Table of Contents
Exam View: Natural farming, Bharatiya Prakritik Krishi Paddhati Programme (BPKP), Significance of Natural Farming in India, Green Revolution, Issues Associated with Natural Farming in India, Government Initiatives.
In News: To rejuvenate our soil, it is time natural farming is taken up on scale.
- Natural farming is a method of agriculture that seeks to create a balanced and self-sustaining ecosystem in which crops can grow without the use of synthetic chemicals or genetically modified organisms. It is considered as agroecology based diversified farming system which integrates crops, trees, and livestock with functional biodiversity.
- It encourages the breakdown of organic matter by microorganisms and earthworms right on the soil surface, gradually adding nutrients to the soil over time.
- Instead of relying on artificial inputs like synthetic fertilisers and pesticides, natural farmers rely on techniques like crop rotation, intercropping, and composting to enhance soil health and support crop growth.
- The goal of natural farming is to produce healthy, nutritious food in a way that is sustainable and environmentally friendly.
Significance of Natural Farming in India
Bharatiya Prakritik Krishi Paddhati Programme (BPKP)
- A centrally sponsored scheme under Paramparagat Krishi Vikas Yojana (PKVY).
- Promote traditional indigenous practices which reduce externally purchased inputs.
- It is largely based on on-farm biomass recycling with major stress on biomass mulching, use of on-farm cow dung-urine formulations, periodic soil aeration and exclusion of all synthetic chemical inputs.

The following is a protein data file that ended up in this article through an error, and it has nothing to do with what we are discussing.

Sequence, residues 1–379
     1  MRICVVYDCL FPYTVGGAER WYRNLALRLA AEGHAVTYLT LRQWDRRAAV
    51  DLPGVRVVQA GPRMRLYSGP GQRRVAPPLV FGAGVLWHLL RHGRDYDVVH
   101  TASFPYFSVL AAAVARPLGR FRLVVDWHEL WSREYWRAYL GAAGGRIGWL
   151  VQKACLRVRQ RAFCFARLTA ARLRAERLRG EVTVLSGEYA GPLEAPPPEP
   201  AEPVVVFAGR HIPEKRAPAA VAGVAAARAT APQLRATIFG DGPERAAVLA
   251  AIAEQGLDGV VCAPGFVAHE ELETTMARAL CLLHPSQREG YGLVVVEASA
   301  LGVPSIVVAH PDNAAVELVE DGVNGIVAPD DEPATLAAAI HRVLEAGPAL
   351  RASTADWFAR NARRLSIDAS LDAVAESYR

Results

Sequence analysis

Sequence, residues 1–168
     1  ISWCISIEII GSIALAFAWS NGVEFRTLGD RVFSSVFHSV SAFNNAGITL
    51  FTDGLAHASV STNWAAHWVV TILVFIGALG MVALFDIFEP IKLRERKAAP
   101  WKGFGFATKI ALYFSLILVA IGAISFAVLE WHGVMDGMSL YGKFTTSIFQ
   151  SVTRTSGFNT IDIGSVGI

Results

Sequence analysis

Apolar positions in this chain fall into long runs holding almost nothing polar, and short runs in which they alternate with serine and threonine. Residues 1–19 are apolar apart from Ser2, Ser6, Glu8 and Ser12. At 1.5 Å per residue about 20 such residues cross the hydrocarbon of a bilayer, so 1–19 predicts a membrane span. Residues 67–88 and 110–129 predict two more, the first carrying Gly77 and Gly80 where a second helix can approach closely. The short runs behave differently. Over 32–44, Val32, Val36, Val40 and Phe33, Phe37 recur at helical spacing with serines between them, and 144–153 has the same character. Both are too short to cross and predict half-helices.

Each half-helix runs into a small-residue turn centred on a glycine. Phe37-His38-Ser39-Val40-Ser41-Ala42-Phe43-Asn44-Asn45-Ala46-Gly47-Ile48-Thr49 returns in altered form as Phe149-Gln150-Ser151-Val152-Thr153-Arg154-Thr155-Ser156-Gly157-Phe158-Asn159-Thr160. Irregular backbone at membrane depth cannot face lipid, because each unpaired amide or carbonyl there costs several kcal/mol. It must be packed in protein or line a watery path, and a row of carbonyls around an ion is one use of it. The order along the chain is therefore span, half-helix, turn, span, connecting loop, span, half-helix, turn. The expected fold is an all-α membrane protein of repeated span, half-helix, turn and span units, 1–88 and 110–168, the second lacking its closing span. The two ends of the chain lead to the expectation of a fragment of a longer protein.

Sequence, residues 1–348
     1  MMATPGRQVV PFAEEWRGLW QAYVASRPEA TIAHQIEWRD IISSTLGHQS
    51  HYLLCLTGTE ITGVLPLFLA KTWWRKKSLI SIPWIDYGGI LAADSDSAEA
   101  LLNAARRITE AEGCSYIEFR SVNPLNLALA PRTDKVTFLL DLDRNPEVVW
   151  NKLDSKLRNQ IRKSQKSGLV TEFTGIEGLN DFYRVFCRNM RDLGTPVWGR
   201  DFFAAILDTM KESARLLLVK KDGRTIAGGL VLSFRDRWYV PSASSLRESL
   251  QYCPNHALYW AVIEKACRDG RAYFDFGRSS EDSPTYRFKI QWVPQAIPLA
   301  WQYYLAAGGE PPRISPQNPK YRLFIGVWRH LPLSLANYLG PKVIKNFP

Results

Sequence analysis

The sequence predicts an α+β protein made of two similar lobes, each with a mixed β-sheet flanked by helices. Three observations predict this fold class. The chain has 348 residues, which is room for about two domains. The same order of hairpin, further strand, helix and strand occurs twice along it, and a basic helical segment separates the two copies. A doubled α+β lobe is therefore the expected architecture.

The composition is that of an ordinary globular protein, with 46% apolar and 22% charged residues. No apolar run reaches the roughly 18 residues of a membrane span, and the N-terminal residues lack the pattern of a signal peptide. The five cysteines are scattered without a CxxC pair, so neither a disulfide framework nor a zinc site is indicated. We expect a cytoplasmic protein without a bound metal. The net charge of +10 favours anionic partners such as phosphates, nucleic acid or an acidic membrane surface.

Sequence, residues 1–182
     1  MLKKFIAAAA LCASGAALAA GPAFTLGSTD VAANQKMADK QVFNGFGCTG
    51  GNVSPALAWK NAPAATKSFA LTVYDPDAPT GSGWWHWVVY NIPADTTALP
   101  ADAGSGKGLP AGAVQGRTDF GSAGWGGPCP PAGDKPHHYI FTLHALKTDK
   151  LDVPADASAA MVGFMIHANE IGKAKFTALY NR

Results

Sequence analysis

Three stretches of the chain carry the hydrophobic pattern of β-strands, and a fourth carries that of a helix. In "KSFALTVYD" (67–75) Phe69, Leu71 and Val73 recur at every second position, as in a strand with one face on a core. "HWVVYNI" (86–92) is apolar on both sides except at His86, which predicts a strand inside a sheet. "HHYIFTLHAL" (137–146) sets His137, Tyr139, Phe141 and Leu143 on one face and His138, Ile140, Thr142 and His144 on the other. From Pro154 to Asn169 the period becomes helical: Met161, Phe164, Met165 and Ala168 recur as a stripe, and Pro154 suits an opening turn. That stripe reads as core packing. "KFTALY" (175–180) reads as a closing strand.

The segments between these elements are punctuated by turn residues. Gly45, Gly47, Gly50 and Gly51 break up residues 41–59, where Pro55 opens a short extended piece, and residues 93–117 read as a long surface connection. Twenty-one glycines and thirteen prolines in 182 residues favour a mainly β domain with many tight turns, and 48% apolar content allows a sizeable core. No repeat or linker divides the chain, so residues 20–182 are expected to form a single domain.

- It is considered as a cost- effective farming practice with scope for raising employment and rural development.
Challenges Associated with Natural Farming in India
- Yields drop: India’s first organic state, Sikkim, has started seeing a decline in its yields after a few years.
- Difficulty in controlling pests and diseases: Natural farmers may have more difficulty controlling pests and diseases compared to conventional farmers, who can use synthetic chemicals to treat these problems.
- More vulnerable to climate changes: Natural farming methods may be more vulnerable to weather and climate change, as they do not rely on synthetic inputs to boost crop growth. This can be a challenge for farmers in India, where the climate can be unpredictable.
- Agricultural Practice: In spite of the rapid commercialization of agriculture in India, most farmers assume cereals will always be their main crop (due to skewed Minimum Support Prices in favour of cereals) and ignore crop diversification.
- Limited Resources and Time Constraint: Natural farming often requires more labour and other resources compared to conventional farming methods. For example, natural farmers may need to spend more time and effort on tasks like composting, crop rotation, and intercropping.
- Conviction among Policy Makers: As of now, policymakers fear for the food security of the nation and are non-committal on any major changes in the agriculture sector.
- Holistic approaches: With the increase in the population and food demand a transformational process towards ‘holistic’ approaches such as agroecology, agroforestry, climate-smart agriculture, and conservation agriculture is a necessity.
- Grants and subsidies to farmers who adopt natural farming.
- To provide education and training to farmers on natural farming techniques and the benefits of this approach.
- Encouraging the development of local and sustainable food systems: such as farmers’ markets and community-supported agriculture programs could help to promote natural farming in India by creating a demand for naturally grown products.
- Research and Development: Investing in research and development to improve natural farming techniques and to demonstrate their effectiveness could help to increase the adoption of natural farming in India.
There are many successful examples of natural farming around the country where agriculture is practised in conjunction with animal husbandry. Fertiliser subsidy is skyrocketing, and fertiliser use efficiency is decreasing, but we are still dithering. It is time we look at natural farming afresh, validate it scientifically and practice it on the scale. Soil, in our culture, is called ‘mother’. Only when our mother is healthy, we, as her offspring, will be healthy